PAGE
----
It is with great regret that we announce the death of Bob Dales, our oldest subscriber and contributor, at the age of 101. He was a former insurance broker, who was involved for many years in much voluntary work, including sitting on youth unemployment committees as well as running the the Yorkshire Branch of the Salmon and Trout Association. Bob was known to many game fishermen through his work for the Association, from Regional Organiser to National Vice Chairman and Vice President. His writing appeared in The Field, Country Illustrated, Trout & Salmon, Waterlog, Countryman’s Weekly and many other publications. He wrote a book about fishing in Yorkshire called Fly Fishing in Herriot Country, published in 2005 and was a founder member of the Jervaulx Fly Fishers.
Bob was deemed unfit to serve in the Forces at the outset of the Second World War, became the Air Raid Precautions controller for the Northallerton area in the 1940s and directed the emergency services when the town was bombed. He was denied his call up to active service after losing the sight in one eye during a fencing injury at the age of sixteen, but in the latter part of the war was accepted by the RAF for ground duties and was twice mentioned in despatches before being invalided out of the service.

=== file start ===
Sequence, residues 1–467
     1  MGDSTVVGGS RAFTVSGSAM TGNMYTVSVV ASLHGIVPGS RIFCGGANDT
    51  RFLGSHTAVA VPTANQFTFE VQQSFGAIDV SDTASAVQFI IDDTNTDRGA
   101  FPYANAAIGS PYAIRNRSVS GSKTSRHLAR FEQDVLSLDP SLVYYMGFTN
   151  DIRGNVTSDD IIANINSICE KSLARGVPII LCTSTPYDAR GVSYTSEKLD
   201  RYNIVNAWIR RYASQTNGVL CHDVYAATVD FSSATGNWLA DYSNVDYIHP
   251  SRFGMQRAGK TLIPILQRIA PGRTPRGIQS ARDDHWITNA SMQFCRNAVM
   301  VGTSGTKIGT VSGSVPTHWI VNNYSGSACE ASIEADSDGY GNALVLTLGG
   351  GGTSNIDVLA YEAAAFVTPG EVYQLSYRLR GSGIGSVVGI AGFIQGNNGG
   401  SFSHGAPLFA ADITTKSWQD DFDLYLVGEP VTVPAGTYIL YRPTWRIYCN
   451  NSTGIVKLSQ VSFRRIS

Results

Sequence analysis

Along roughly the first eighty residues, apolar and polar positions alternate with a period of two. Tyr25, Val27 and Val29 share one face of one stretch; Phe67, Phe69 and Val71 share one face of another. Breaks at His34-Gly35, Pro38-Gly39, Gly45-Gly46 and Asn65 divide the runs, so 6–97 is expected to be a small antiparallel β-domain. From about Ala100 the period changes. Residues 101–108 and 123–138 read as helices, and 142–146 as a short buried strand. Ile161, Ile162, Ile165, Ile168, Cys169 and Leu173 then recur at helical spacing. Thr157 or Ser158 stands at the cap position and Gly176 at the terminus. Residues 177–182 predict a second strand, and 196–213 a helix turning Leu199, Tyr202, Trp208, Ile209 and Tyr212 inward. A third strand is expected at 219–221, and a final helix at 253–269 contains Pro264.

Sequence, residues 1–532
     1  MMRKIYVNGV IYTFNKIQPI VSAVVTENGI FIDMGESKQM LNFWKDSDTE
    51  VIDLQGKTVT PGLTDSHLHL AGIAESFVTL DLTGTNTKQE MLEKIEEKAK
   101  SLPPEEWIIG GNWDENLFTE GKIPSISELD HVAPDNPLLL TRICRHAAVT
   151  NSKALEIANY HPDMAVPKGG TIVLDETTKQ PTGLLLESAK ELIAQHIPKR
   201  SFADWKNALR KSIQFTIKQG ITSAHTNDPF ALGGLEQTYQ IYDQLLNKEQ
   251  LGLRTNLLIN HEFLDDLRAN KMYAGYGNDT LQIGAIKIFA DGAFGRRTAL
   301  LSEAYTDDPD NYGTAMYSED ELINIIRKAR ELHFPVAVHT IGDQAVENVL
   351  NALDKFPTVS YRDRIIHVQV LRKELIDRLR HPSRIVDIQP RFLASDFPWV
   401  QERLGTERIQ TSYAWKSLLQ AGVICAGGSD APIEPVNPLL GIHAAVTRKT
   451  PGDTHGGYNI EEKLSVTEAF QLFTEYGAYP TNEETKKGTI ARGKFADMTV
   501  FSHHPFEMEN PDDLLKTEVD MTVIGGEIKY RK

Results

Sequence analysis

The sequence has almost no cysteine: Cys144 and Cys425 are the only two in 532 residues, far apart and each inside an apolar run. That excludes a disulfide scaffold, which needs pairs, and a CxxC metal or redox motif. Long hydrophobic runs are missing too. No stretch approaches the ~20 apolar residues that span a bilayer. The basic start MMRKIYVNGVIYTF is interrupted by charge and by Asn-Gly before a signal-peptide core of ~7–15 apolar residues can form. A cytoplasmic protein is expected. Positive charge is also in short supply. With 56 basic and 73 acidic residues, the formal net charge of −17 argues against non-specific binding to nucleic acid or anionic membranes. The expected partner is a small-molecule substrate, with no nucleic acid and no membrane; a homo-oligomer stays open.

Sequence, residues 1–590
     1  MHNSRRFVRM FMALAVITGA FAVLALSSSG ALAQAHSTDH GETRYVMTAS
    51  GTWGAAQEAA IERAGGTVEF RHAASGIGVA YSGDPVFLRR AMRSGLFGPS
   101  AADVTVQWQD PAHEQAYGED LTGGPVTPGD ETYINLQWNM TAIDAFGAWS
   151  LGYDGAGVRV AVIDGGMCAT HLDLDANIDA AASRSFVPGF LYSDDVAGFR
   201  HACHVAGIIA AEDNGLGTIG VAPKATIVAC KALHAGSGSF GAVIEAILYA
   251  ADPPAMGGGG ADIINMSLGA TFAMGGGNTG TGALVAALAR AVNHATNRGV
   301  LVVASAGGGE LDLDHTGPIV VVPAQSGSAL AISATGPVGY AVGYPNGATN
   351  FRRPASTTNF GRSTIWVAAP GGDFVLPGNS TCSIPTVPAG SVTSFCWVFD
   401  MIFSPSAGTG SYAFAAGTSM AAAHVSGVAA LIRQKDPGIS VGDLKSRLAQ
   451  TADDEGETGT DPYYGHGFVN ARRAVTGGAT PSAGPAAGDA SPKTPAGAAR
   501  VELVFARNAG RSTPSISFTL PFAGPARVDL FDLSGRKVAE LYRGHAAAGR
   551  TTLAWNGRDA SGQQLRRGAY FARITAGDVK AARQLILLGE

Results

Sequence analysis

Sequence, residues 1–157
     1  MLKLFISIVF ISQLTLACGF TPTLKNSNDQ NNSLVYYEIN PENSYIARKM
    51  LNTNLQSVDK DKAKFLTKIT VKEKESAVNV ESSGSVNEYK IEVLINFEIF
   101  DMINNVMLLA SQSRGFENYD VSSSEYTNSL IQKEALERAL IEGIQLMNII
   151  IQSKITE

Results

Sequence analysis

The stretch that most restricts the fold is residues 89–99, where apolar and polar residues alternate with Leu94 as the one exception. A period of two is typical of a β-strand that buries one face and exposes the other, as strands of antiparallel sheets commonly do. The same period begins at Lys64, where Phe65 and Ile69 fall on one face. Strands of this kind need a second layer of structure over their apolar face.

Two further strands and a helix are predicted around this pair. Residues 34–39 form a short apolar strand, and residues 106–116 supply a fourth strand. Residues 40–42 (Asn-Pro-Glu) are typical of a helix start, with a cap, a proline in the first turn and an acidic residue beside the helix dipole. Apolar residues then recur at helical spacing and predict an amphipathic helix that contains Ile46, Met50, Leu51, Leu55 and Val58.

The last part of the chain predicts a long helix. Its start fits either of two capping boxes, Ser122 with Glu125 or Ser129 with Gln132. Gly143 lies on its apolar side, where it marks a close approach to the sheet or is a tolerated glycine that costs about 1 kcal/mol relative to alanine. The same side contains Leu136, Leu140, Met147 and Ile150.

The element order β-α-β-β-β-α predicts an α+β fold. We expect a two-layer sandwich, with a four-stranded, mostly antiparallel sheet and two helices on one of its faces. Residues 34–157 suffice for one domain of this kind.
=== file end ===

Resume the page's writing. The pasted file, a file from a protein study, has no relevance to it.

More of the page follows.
He continued to write in his later years for an astonishing twelve hours a day, including many articles and books on fishing and was also planning a children’s book. Politically motivated and often quite vociferous, he was a strong advocate of the abolition of the House of Lords and said that House of Commons remained ‘infested by professional politicians with little or no experience of the wider world’. The Lords, he said, should be replaced with a second chamber containing elected leaders from a wide range of organisations, people with proven ability and experience better able to make political decisions. He also spoke out for the older generation, asking that it be brought back into the decision-making process, saying that older people made better decisions as they gain wisdom with age.
Bob had three children, Lynda, Richard and Jaqueline, six grandchildren and six great-grandchildren. His wife, Enid, died at the age of ninety-nine in 2013 and they had celebrated seventy-five years of marriage in the same year. They lived in Brompton in North Yorkshire.